typedef std::remove_pointer <IsArrayType<T>::TypedArg>::type	BaseType;
    
    		if (!IsArrayType<T>::value) {
    			result = GetTypeIDFromFormTypeID(BaseType::kTypeID, registry);
    
    		}
    		else { // Arrays are ClassInfo ptr + 1
    			result = GetTypeIDFromFormTypeID(BaseType::kTypeID, registry) | VMValue::kType_Identifier;
    
    		}
    
    		return result;
    
    	}
    };
    
    template<typename T>
    struct s<T*>
    {
    	static UInt64 GetTypeID_impl(VMClassRegistry* registry)
    	{
    		UInt64		result;
    
    		typedef std::remove_pointer <IsArrayType<T>::TypedArg>::type	BaseType;
    		if (!IsArrayType<T>::value) {
    			result = GetTypeIDFromFormTypeID(BaseType::kTypeID, registry);
    		}
    		else { // Arrays are ClassInfo ptr + 1
    			result = GetTypeIDFromFormTypeID(BaseType::kTypeID, registry) | VMValue::kType_Identifier;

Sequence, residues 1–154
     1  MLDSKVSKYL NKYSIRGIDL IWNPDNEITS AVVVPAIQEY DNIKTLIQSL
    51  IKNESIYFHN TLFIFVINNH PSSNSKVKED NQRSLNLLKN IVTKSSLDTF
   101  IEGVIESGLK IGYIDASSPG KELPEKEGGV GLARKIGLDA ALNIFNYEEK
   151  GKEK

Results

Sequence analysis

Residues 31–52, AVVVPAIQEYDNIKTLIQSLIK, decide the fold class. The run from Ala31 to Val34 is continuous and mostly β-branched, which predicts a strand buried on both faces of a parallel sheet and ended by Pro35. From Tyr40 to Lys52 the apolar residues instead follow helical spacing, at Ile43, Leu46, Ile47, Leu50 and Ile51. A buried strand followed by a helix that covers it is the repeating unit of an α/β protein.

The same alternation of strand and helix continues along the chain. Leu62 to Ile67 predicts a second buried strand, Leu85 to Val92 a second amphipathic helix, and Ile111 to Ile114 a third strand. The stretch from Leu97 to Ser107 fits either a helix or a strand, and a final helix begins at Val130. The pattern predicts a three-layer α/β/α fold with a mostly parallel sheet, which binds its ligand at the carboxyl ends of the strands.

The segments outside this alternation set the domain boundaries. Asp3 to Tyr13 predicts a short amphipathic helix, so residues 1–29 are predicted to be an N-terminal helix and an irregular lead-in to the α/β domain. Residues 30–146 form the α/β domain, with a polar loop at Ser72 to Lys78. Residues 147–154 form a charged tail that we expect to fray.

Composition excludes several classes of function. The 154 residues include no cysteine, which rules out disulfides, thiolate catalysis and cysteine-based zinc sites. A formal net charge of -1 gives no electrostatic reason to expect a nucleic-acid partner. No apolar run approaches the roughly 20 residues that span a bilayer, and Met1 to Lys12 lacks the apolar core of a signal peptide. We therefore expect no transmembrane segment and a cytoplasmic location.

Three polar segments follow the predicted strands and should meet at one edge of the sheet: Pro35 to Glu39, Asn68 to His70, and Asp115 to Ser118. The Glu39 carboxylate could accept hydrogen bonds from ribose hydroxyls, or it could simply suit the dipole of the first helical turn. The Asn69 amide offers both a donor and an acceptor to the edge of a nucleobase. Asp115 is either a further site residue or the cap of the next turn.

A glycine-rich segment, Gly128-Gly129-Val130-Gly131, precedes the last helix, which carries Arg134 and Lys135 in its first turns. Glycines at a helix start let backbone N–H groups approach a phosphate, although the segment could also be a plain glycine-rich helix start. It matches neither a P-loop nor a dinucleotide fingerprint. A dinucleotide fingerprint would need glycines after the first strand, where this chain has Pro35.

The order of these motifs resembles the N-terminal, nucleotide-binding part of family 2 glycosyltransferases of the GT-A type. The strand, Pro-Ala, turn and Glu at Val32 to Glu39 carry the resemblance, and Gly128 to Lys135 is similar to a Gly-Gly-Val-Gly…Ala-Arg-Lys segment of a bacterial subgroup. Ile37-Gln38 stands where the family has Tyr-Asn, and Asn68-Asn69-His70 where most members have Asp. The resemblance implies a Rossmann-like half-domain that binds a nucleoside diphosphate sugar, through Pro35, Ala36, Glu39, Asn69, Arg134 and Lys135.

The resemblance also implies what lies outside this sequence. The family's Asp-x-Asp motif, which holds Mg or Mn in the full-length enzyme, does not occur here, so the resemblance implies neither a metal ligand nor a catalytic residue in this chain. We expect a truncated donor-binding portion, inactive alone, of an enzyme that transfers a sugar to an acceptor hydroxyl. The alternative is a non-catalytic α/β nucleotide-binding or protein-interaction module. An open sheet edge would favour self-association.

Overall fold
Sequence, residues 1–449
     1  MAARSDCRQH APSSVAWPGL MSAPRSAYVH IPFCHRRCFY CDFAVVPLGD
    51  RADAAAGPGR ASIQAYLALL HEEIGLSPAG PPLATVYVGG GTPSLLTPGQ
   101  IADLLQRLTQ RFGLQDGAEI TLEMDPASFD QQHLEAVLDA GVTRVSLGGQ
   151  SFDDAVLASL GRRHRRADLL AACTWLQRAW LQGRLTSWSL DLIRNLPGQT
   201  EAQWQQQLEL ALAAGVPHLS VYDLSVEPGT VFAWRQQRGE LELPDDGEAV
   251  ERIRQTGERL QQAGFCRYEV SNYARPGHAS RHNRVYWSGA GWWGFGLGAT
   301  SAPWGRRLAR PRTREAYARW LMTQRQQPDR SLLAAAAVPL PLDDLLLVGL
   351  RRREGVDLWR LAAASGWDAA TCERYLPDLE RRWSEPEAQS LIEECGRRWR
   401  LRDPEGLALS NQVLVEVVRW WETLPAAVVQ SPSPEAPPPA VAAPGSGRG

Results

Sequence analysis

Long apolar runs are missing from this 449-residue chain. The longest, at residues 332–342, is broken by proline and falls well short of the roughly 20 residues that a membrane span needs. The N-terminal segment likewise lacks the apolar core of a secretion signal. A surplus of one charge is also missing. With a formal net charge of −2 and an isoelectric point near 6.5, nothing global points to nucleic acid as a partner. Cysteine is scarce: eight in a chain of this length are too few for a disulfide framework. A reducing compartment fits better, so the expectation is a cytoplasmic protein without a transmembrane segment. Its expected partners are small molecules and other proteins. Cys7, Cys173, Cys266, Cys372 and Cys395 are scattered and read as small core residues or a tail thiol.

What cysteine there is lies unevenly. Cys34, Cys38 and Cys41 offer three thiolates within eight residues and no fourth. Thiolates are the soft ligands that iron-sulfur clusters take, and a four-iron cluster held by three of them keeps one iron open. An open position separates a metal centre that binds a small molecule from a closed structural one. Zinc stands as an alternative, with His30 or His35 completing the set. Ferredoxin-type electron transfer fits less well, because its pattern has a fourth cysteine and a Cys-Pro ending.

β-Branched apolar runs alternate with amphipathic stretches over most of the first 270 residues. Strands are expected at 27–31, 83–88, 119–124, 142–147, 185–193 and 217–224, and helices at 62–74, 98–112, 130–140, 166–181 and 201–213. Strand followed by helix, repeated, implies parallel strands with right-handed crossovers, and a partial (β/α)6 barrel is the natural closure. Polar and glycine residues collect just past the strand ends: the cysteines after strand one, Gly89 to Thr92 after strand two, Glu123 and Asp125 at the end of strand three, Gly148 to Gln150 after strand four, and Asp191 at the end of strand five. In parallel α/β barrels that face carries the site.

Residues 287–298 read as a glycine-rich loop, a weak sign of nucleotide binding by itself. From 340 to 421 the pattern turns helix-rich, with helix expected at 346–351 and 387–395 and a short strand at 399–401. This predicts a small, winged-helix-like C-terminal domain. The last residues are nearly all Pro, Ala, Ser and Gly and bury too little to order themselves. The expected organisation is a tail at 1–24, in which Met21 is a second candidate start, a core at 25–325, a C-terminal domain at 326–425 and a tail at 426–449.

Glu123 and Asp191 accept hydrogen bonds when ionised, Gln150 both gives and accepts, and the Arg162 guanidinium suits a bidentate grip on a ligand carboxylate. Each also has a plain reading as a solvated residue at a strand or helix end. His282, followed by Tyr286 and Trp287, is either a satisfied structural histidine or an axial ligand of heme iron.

}
    
    		return result;
    	}
    };

    The calling method is the same.

    value->type = GetTypeID<T>(registry); // Always pack the type, even if empty data

    Forgot to mention the calling function is inside another class- as if it made any difference:

    template<typename T>
    class VMResultArray : public std::vector<T>
    {
    public:
    	void PackArray(VMValue::ArrayData * data, VMClassRegistry * registry)
    ...
    Does the above seem reasonable to you? Funny thing is, GetTypeID is still an identifier not found. The tooltip on hover of GetTypeID in the following
    template<typename T>
    inline UInt64 GetTypeID(VMClassRegistry* registry);
    reveals 

    C++ template<class T> UInt64 GetTypeID(VMClassRegistry *registry)

    A class T parameter? From reading the docs there is a difference. Do you get the same?

    Edit: A further complication is that the associated cpp for the header has these bunch of definitions:

    template <> UInt64 GetTypeID <void>(VMClassRegistry * registry)	{ return VMValue::kType_None; }
    
    template <> UInt64 GetTypeID <UInt32>(VMClassRegistry * registry)	{ return VMValue::kType_Int; }
    
    template <> UInt64 GetTypeID <SInt32>(VMClassRegistry * registry)	{ return VMValue::kType_Int; }
    
    template <> UInt64 GetTypeID <int>(VMClassRegistry * registry)	{ return VMValue::kType_Int; }